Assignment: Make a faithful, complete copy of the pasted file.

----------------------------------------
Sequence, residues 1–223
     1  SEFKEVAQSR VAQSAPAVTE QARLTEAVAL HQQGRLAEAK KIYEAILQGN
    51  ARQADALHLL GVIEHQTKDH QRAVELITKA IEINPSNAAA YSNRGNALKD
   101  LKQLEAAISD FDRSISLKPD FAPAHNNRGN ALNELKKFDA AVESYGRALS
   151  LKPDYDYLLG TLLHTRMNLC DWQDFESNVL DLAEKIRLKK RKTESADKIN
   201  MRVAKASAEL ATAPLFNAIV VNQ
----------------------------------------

Sequence, residues 1–223
     1  SEFKEVAQSR VAQSAPAVTE QARLTEAVAL HQQGRLAEAK KIYEAILQGN
    51  ARQADALHLL GVIEHQTKDH QRAVELITKA IEINPSNAAA YSNRGNALKD
   101  LKQLEAAISD FDRSISLKPD FAPAHNNRGN ALNELKKFDA AVESYGRALS
   151  LKPDYDYLLG TLLHTRMNLC DWQDFESNVL DLAEKIRLKK RKTESADKIN
   201  MRVAKASAEL ATAPLFNAIV VNQ